Author(s): Mause SF, Weber C
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Abstract Microparticles represent a heterogeneous population of vesicles with a diameter of 100 to 1000 nm that are released by budding of the plasma membrane and express antigens specific of their parental cells. Although microparticle formation represents a physiological phenomenon, a multitude of pathologies are associated with a considerable increase in circulating microparticles, including inflammatory and autoimmune diseases, atherosclerosis, and malignancies. Microparticles display an broad spectrum of bioactive substances and receptors on their surface and harbor a concentrated set of cytokines, signaling proteins, mRNA, and microRNA. Recent studies provided evidence for the concept of microparticles as veritable vectors for the intercellular exchange of biological signals and information. Indeed, microparticles may transfer part of their components and content to selected target cells, thus mediating cell activation, phenotypic modification, and reprogramming of cell function. Because microparticles readily circulate in the vasculature, they may serve as shuttle modules and signaling transducers not only in their local environment but also at remarkable distance from their site of origin. Altogether, this transcellular delivery system may extend the confines of the limited transcriptome and proteome of recipient cells and establishes a communication network in which specific properties and information among cells can be efficiently shared. At least in same cases, the sequential steps of the transfer process underlie complex regulatory mechanisms, including selective sorting ("packaging") of microparticle components and content, specificity of interactions with target cells determined by surface receptors, and ultimately finely tuned and signal-dependent release and delivery of microparticle content.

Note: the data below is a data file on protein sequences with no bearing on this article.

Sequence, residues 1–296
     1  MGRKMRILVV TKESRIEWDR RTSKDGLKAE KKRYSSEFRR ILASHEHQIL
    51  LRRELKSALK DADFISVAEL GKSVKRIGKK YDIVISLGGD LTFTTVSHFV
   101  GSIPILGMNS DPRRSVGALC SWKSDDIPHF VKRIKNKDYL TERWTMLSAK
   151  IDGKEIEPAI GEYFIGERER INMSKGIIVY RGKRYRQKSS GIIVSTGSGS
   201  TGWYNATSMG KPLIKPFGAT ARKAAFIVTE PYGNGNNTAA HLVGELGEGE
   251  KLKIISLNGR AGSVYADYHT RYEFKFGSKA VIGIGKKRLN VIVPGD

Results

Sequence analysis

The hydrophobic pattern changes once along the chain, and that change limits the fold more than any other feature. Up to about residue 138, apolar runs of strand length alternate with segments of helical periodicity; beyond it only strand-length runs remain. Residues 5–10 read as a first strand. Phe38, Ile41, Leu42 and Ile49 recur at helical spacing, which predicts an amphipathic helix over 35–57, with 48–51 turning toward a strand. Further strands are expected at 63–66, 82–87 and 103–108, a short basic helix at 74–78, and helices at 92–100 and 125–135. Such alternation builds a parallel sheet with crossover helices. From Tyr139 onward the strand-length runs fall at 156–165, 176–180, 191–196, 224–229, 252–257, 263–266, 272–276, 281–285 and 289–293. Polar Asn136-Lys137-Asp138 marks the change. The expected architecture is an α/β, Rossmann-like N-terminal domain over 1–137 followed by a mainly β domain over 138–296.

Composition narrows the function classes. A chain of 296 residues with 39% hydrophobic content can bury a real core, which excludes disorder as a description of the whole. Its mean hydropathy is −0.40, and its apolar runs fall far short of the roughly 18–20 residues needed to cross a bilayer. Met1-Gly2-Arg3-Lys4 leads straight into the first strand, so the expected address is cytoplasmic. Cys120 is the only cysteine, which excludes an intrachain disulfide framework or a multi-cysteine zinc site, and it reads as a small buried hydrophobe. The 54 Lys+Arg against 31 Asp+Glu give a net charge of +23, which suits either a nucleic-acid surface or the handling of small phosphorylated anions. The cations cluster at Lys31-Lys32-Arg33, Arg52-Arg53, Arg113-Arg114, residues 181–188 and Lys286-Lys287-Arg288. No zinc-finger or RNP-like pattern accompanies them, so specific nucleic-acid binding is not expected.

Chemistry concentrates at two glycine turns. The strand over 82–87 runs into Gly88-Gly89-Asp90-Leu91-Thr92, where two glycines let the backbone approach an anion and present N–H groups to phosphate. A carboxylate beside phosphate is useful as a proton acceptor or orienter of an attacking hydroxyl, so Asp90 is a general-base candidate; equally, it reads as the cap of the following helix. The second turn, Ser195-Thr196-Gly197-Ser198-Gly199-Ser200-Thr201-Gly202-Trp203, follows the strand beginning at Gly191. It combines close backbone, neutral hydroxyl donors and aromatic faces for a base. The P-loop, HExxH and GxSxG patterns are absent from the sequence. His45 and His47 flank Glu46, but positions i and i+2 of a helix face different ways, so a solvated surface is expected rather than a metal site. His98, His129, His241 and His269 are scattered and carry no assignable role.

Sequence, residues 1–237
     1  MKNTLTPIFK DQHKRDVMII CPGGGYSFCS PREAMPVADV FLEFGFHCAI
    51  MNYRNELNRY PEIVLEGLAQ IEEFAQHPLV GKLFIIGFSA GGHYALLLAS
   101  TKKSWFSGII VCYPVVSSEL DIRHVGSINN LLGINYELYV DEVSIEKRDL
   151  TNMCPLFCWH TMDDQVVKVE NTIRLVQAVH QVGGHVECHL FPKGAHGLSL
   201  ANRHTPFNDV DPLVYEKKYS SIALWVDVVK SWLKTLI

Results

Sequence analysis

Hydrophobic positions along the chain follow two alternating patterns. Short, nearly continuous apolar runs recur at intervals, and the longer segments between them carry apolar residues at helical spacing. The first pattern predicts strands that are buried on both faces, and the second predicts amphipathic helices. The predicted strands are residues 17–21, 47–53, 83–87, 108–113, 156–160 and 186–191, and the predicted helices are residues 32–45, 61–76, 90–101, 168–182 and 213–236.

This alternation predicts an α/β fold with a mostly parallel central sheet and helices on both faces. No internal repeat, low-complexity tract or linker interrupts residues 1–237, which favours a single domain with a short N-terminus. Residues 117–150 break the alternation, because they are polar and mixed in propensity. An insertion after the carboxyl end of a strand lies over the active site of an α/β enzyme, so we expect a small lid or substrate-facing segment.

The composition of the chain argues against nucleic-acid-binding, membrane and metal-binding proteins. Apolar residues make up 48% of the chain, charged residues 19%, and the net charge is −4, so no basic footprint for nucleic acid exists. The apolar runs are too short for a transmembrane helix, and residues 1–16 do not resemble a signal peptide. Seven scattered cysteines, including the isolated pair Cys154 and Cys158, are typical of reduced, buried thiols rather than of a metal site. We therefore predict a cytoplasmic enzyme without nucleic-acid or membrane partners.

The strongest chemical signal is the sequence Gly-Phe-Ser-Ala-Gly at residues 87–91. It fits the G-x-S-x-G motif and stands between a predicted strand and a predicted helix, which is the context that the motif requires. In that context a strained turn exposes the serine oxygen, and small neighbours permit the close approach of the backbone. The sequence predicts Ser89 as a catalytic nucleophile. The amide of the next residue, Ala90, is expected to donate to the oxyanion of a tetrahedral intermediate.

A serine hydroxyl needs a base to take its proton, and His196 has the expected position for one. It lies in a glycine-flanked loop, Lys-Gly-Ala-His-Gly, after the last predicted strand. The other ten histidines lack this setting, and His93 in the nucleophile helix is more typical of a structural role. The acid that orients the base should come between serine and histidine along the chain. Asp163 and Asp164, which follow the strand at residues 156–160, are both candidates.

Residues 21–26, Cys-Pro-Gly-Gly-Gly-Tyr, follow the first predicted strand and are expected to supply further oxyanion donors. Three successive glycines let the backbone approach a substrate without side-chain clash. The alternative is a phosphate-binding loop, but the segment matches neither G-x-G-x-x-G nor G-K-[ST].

This article was published in Circ Res
and referenced in Journal of Molecular and Genetic Medicine